I’m a fae without a court, but that suits me just fine. Kind of. For years, I’ve hidden in my shabby East London flat, working as a private investigator for romantically-scorned supernaturals. The pay? Total rubbish. I’m broke as hell and almost homeless. But I’m stuck in this life. If anyone discovered my dark past, I’d end up dead.

But when a serial killer starts picking off London’s fae, it seems fate has other plans for me. Balor, a dangerous and sinfully enticing fae prince, wants me to help him hunt down the killer. Apparently, my mind-reading abilities would be an asset. Now, I’m being whisked away into a court of wealth and magic.

Problem is, I can’t read his mind, and I’m not sure I trust him. Worse, he knows I’m keeping a secret of my own, and he’s determined to figure it out. Despite his allure, I start to wonder if he’s behind the crimes. If he is, I’ll never make it out of the fae Court alive.


Review: (Video review)

OMG, if this book had just a little more magic and a little more heat it would have been a slam dunk. Although the plot wasn’t a long saga with twists and turns, I loved it somehow. It appealed to me, to my likings. It has ENCHANTED me… What is not to like with the start of this series; It has an ultra super gorgeous Fae Prince, a strong-minded mind-reading half-fae/half-shifter and a court system that both protects and sets limitations to their lives. Clark Cavanaugh – the heroine – has a dark past that is mentioned, but never explained, hence I see more secrets unfolding in the sequels. I can’t wait to read about the twists and turns this series will have when we finally find out who she really is. With regards to her love life to a certain Fae Prince, well, I can just say that I will have expectations!!! And perhaps we will have competition on his hand from Tiarnan. I will also expect for stronger villains to step up the game, and I don’t think the continuation of this series will disappoint. For those who love a good mystery, detective and forbidden romance story this is it. I highly recommend this read.



Award Scoring

Message & Moral

4 points

Belonging, is the word I would use to describe the book’s message. The Prince of Fae, Balor, believes that every Fae must belong and be protected by a court. He has taken on ambitious expectations of himself and how he must care for every single Fae in his court, and in the world. He wants all the Faeries to be one big happy family. This is a lovely concept of caring and community. Balor also aims for peace between all creatures on Earth, which isn’t always liked by other Fearies, hence the conflict amongst the courts.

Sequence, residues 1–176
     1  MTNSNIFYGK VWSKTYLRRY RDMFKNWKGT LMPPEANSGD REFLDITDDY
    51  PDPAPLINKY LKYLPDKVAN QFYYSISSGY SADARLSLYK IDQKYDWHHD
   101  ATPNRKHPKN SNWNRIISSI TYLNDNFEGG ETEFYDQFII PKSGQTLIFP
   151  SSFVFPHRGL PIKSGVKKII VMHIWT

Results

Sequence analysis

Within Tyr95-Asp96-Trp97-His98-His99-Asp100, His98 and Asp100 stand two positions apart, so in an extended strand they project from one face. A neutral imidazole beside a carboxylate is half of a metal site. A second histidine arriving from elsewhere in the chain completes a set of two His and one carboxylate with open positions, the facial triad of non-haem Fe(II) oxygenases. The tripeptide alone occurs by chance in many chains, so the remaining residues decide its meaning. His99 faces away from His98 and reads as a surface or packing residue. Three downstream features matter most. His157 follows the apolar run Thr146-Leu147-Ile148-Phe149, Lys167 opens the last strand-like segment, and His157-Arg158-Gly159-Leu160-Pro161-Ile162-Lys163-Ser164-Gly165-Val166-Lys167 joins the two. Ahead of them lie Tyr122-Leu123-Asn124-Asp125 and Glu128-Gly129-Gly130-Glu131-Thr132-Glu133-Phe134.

Creatures & Environment

5 points

“There is something about you Clark,” is what Balor says. I know what he means. If you just look at the book cover you see that Clark has something in her eyes that eludes confidence, cheekiness and a hell of an attitude all at the same time. And even I, would admit she is kind of cute! An opinion shared by Tiarnan 🙂

The creatures in this book are well described and interesting. All the Faeries have one unique power, which is strengthened by the connection to their court. The Faeries’ powers feature as good twists woven into the plot and Jenna has managed to make you feel that the specific powers aren’t an afterthought just to fit the story (which sometimes makes fantasy stories cheesy).

I also like the characters ‘personally’ and I believe that Moira and I would be best friends if she existed in the real world. I would also say that I probably wouldn’t mind going on a flirtatious date with Tiarnan, he is my type of guy for a fun night out!


Captivation & Continuity

5 points

Both the prequel and the first book in this series start off by immediately hooking you into the story. Clark has no professional skills to be a private detective, yet operates as one to get stories for her PI Files podcast. This places her in troublesome situations between ferocious creatures where I don’t know if the she has more dents in her walls than the holes in her pockets. She gets kicked out of her flat at the same time as the Prince of Fae finds her and brings her to his court. She has few choices and decides to stay – until she finds her missing friend. The story keeps evolving in both description of the Fae system, mysteries and suspense and is a page turner. The tension between the controlling Prince and the self-serving heroine wrap you into a sensual battle of power. The ending wasn’t obvious to me and it took until almost the end before I figured out who the villain was, so not long before the culprit was revealed by Jenna.

Clark keeps mentioning her past life with her grandmother in America and how they try to avoid the Silver Court. The resolve to this dark secret is yet to be revealed. I hope we will get one step closer to the truth in the sequel ‘Dead Fearie Walking’.


Language & Flow

3 points

I did like the way Jenna wrote her book as it made the story feel fresh and exciting, however I believe that sometimes it lets her down. In some places it feels like one of those films on TV where the actor speaks directly to the viewer – and I don’t like that. When I’m in a story I would like it to feel like I am the heroine, not a reader. In some places I find that she reminds the reader of points, which I got the first time she mentioned it – like Balor’s one red eye – that Clark wanted to escape the court at her first opportunity and that she had a dark past. Having said that I did really like the way Jenna makes Clark’s personality shine and I could really see myself in her shoes. Jenna also portrays the tension between Clark and…basically every person she meets very well, due to her strong base building Clark’s character.








T.M. Caruana’s Crystal Ball Award







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